The bananas were growing more spotty and fragrant by the hour, and my daughter E was experiencing a rare social slump (in other words, she was at home). I’m not a believer in signs from the universe, but I can spot a good opportunity when I see one, so I knew that if I was going to get E into the kitchen to cook something with me, this was the time. Lately she’s been completely uninterested in helping me with any dish that involves eggplant, black-eyed peas, or any other vegetable (what a surprise), but I thought that if I could offer her something sweet to cook, she’d jump at the chance.
But for some reason, when I said “banana-coconut bars,” she said “Yuck!” Maybe it was the word “bar,” but I had to coax her into the kitchen with promises of her photo on the blog. (Unlike her mother, who has been known to dive under tables to avoid being photographed, E sees a camera and practically throws herself in front of it.) Whatever reluctance she had quickly dissolved as she decreed that I was allowed to do nothing, she would do it all. Well, everything except fetch ingredients and clean up afterward–I could do that!
Before we started, I found a recipe that looked easy enough and made a few changes to reduce the fat, sugar, and sodium. Waikiki Banana Bars came highly rated, and they were already vegan, a definite plus. So I substituted silken tofu for the shortening and tried to take them in a more tropical direction by using coconut and rum.
I was really surprised at the way the bars turned out. The banana, vanilla, coconut, rum, and cinnamon combine to create a totally new kind of taste, something I really can’t describe. But they were good. D raved about them, and more importantly, E came very close to admitting she was wrong. Oh, she liked them–loved them, in fact–but she claims it was only because of her cooking expertise that they came out so delicious. Sheesh, what a prima donna!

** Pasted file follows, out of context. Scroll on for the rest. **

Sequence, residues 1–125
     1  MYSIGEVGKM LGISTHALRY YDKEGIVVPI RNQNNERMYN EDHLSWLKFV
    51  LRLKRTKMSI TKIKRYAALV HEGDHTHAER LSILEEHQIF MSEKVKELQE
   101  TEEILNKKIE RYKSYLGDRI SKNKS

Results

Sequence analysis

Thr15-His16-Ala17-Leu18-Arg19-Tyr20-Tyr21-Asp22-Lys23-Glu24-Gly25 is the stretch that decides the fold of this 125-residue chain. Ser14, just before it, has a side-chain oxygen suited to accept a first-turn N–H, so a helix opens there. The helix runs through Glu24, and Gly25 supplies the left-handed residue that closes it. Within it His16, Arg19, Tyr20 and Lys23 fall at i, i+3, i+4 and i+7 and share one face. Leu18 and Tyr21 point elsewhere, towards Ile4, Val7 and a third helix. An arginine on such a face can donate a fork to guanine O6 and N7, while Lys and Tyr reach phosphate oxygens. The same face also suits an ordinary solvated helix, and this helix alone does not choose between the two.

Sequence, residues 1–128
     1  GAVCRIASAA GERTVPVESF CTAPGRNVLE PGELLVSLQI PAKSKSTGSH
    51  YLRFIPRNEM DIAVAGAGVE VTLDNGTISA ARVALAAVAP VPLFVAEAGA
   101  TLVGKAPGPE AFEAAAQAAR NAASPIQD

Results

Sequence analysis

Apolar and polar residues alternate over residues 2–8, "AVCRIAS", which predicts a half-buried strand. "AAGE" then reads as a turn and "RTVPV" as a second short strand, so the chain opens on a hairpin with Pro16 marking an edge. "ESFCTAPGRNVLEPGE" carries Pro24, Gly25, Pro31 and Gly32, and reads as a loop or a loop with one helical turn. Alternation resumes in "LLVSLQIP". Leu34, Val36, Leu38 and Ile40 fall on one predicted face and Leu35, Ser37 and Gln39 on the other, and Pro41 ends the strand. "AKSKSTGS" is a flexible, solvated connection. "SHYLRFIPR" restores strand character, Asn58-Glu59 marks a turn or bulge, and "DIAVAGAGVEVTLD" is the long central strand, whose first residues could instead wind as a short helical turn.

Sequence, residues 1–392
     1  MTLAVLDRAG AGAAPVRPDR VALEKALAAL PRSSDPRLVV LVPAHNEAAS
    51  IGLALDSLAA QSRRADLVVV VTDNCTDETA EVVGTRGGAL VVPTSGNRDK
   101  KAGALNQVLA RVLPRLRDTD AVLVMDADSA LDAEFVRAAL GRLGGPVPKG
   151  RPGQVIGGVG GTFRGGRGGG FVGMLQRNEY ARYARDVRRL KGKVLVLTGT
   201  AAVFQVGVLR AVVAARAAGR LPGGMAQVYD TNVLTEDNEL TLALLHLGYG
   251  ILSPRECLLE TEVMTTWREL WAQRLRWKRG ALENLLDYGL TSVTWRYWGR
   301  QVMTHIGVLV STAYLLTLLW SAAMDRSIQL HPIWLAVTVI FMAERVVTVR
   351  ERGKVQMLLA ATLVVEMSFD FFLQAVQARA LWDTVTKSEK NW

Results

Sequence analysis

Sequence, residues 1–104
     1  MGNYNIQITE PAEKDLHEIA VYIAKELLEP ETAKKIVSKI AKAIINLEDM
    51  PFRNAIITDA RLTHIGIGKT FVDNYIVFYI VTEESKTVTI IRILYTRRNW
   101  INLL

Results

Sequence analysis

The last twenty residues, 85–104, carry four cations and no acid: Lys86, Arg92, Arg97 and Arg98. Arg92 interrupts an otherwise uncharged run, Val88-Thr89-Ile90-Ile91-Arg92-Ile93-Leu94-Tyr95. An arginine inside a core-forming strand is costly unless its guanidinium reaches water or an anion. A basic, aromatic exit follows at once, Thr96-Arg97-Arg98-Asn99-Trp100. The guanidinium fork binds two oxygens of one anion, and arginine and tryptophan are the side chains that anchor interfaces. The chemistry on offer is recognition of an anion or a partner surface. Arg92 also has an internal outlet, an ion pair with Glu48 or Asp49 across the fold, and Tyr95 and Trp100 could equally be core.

These bars are dense and chewy, and they have a tendency to be tough on the outer edges of the pan, so be careful not to overstir the batter, which causes fat-free baked goods to toughen up, or to overbake them.
1/4 cup silken tofu, lite or regular
3/4 cup brown sugar or Sucanat
1/2 tablespoon vanilla extract
1/2 tablespoon rum (or 1/2 teaspoon rum extract)
2 large bananas, mashed
1 1/2 cups unbleached flour
1 1/2 teaspoons baking powder
1 teaspoon salt
1/2 cup sweetened flake coconut
1/3 cup vegan powdered sugar
1 teaspoon cinnamon
Preheat oven to 350F and oil or spray a 13×9-inch baking dish.
Mash or blend the tofu until smooth. Add the sugar and blend with a fork until creamy. Add the vanilla, rum, and mashed bananas, and stir well.
Sift the flour, baking powder, and salt into a large bowl. Stir in the coconut. Make a well in the middle and pour in the banana mixture. Stir only enough to moisten the flour (over-stirring makes them tough). Pour into the baking dish and put into the oven. Bake for 25-30 minutes, until a toothpick inserted in the center comes out dry.
Remove from the oven and while warm, cut into bars. Sprinkle the mixture of powdered sugar and cinnamon over the bars, reserving some to sprinkle onto the serving platter. Remove each bar and put it on the platter.
Enjoy warm or at room temperature. Leftovers make a great, quick breakfast.
Preparation time: 15 minute(s) | Cooking time: 30 minute(s)
Number of servings (yield): 12
Makes 12 nice-sized bars. Each contains 135 Calories (kcal); 1g Total Fat; (7% calories from fat); 2g Protein; 30g Carbohydrate; 0mg Cholesterol; 234mg Sodium; 1g Fiber.
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